If you’re Interpol, you must be hearing the words “return to form” a great deal these days. You’ve played the major label game, and retreated back to your original indie home, Matador Records. You lost your iconic bass player, and have struggled to prove you’re still the same band fans fell in love with on 2002’s Turn On the Bright Lights. Your last album was easily your most disappointing, and you’re out to prove that you’ve still “got it,” whatever that “it” may be.
In this sense, El Pintor (out today, Sept. 9, on Matador) fits the “return to form” bill. Interpol is still doing Interpol, and for the diehards, that’s just fine. Drop a rockin’ lead single like “All the Rage Back Home,” and there’s reason to get amped for an upcoming tour, rock out to “Slow Hands” again, or invite the band to the New York Met to play a very special show among 2,000-year-old ruins.
Frontman Paul Banks still sings like Paul Banks. He still writes eerie, distorted guitar lines that careen into those of bandmate Daniel Kessler. And now that he’s picked up the departed Carlos Dengler’s bass duties, Interpol’s guitar attack is almost predictable in its lack of predictability. Drummer Sam Fogarino could school legions of novice alt-rock drummers in establishing an off-kilter groove; backing Banks and Kessler, he sounds as comfortable as ever.
El Pintor succeeds in besting 2010’s Interpol, whose reception was so deflating, it could have killed the band’s career. But against even 2007’s ho-hum Capitol Records excursion Our Love to Admire (let alone Turn On the Bright Lights or even Antics), El Pintor fails to do much more than tread water. They sound afraid to write another big chorus a la “Slow Hands,” but aren’t willing to indulge into any artsy reinventions, either.
What went right and what went wrong with Interpol’s fifth studio album? Billboard takes a track-by-track look:
“All the Rage Back Home”: Is there any doubt this is the strongest El Pintor track? The crowds at recent Interpol gigs seem to think so, and since the band has already made its new lead single an encore song at recent shows, everyone seems to be on the same page. “Back Home” starts out sounding a lot like Antics’ tepid opener “Next Exit,” but uses a revved up pre-chorus as a launching pad into a driving rock groove. Lyrically, Banks sets the tone for another album of tainted romanticism, full of “he said/she said” and doubts on true love.
“My Desire”: This one exists right within Interpol’s wheelhouse. The band takes a stylish, slithering guitar line, drapes it in walls of reverb, and lets it brood towards its expected apex. It’s not about to change anyone’s opinion of Interpol — good or bad — but it’s good enough to keep the momentum moving following a strong opening track.
“Anywhere”: “The ocean, I could go anywhere!” sings Paul Banks, but this one doesn’t sound at all like an Expedia commercial, as the chorus might suggest. “Anywhere” is one of the most live-friendly tracks on El Pintor, but its ferocity is matched by pleasant intricacies in the production, like the mood-setting keyboard and Sam Fogarino’s fiery drum rolls.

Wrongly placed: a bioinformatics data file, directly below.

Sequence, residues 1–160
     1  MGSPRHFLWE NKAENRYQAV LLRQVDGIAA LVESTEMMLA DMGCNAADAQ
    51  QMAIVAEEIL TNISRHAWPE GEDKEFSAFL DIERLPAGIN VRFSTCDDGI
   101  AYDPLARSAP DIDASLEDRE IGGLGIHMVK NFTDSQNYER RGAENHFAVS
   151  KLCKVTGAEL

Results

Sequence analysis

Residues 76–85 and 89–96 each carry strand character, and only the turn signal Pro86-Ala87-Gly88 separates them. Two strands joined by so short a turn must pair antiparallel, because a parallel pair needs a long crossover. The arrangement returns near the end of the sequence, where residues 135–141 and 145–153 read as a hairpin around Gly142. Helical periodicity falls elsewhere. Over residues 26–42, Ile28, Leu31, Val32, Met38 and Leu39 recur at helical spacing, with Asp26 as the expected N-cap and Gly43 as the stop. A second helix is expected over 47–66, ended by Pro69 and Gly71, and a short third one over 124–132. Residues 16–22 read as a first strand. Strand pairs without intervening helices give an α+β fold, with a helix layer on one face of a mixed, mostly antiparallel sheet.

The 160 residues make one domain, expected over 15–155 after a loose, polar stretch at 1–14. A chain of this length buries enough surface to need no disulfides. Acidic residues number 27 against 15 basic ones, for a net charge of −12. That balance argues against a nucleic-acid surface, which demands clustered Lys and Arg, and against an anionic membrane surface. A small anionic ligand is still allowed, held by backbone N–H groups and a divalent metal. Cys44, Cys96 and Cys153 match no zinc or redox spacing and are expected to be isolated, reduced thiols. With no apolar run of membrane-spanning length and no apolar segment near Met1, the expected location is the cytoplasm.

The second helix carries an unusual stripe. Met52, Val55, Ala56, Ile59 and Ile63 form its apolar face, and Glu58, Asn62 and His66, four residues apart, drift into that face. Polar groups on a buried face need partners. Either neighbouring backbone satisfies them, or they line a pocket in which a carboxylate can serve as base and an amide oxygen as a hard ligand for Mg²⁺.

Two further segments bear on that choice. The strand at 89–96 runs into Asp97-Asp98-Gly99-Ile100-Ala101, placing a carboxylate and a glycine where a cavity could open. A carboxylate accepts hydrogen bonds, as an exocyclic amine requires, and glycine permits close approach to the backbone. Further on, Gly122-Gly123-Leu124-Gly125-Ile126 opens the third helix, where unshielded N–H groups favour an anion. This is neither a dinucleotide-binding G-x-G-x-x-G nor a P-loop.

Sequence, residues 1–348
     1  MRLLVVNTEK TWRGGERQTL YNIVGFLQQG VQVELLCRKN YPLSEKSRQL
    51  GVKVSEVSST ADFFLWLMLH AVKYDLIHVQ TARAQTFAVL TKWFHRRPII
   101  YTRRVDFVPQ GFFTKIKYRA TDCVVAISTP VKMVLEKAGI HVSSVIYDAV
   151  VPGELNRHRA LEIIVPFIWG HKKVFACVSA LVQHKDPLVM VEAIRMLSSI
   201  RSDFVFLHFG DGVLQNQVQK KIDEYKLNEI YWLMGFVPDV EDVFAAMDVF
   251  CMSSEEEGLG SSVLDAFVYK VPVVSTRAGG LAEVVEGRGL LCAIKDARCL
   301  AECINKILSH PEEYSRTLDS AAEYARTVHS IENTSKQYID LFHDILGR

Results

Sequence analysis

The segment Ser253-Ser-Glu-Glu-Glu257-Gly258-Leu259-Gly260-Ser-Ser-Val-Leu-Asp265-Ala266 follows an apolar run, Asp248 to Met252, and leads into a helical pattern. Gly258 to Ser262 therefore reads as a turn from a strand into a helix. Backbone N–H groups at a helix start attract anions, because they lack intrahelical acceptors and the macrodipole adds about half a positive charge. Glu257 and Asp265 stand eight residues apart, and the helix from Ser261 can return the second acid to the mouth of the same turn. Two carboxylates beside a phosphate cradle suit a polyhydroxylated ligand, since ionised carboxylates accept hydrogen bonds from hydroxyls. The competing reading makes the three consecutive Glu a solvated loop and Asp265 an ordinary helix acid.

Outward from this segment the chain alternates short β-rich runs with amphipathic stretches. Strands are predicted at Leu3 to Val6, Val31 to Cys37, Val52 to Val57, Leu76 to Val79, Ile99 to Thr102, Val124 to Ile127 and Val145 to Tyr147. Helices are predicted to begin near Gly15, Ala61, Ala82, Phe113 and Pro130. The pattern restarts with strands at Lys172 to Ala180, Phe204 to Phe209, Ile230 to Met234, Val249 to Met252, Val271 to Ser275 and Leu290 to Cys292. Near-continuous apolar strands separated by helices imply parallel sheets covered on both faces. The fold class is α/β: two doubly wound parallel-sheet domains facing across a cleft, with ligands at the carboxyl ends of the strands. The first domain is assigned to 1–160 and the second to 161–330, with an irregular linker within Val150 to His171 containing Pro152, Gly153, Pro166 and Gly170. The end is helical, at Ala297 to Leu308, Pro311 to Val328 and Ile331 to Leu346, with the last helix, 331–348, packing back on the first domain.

“Same Town, New Story”: Track four is a frustrating song, much in the same way that 2010’s Interpol was a frustrating album. It introduces some great ideas in the opening seconds — alluring guitar spirals, answered by a punchy rhythm section — but fails to build them into anything cathartic. Despite interesting parts, it plods on to nowhere in particular, much like that previous LP.
“My Blue Supreme”: Interpol have earned praise for being “brooding” and “atmospheric” plenty of times before, but when those qualities are banked on without adding substance, you get duds like this. Banks is green with envy in the chorus (“Someone that I’m dying to be is cruising my blue Supreme”) but nothing in this meandering, mid-tempo number does anything to make Banks’ pain sound compelling.
“Everything Is Wrong”: The energy returns somewhat on the start of El Pintor side B, with this standard-issue, moderately nihilistic Interpol track, which occupies the nebulous grey area between “exciting” and “forgettable.”
“Breaker 1”: The ocean themes visited in the “All the Rage” video and the “Anywhere” lyrics return on “Breaker 1.” There’s a steady back-and-forth buildup and release in this song, as sparse, yearning verses lead into noisy, pounding releases.
“Ancient Ways”: From an instruments-only perspective, this is the most interesting song on El Pintor. Sam Fogarino gets a spry, free-form beat going, and the band layers heaps of dissonant guitar on top. It doesn’t sound like a perfect fit, but with the track’s driving force, “Ancient Ways” is up there with “All the Rage” and “My Desire” as the El Pintor tracks that sound the most live-friendly.
“Tidal Wave”: Again, the ocean vibes appear at track nine, as Interpol pieces some cacophonous instrumentals together into a seductive song. Fogarino is commanding on the drums, with the guitars, bass, and vocals all moving in and out, occupying similar spaces in the hazy mix. But speaking of vocals, it’s around this time that El Pintor’s dour lack of hooks starts to weigh heavy. After opening on a relative high, the album is in danger of fading into a stupor.
“Twice As Hard”: Build up the walls of distorted guitar, slow the drums down, and let Banks mope away! On a record like this, there’s really no choice but to double down on the brooding vibes to close things out. If they’re trying twice as hard at anything, it’s getting Interpol to sound like Interpol.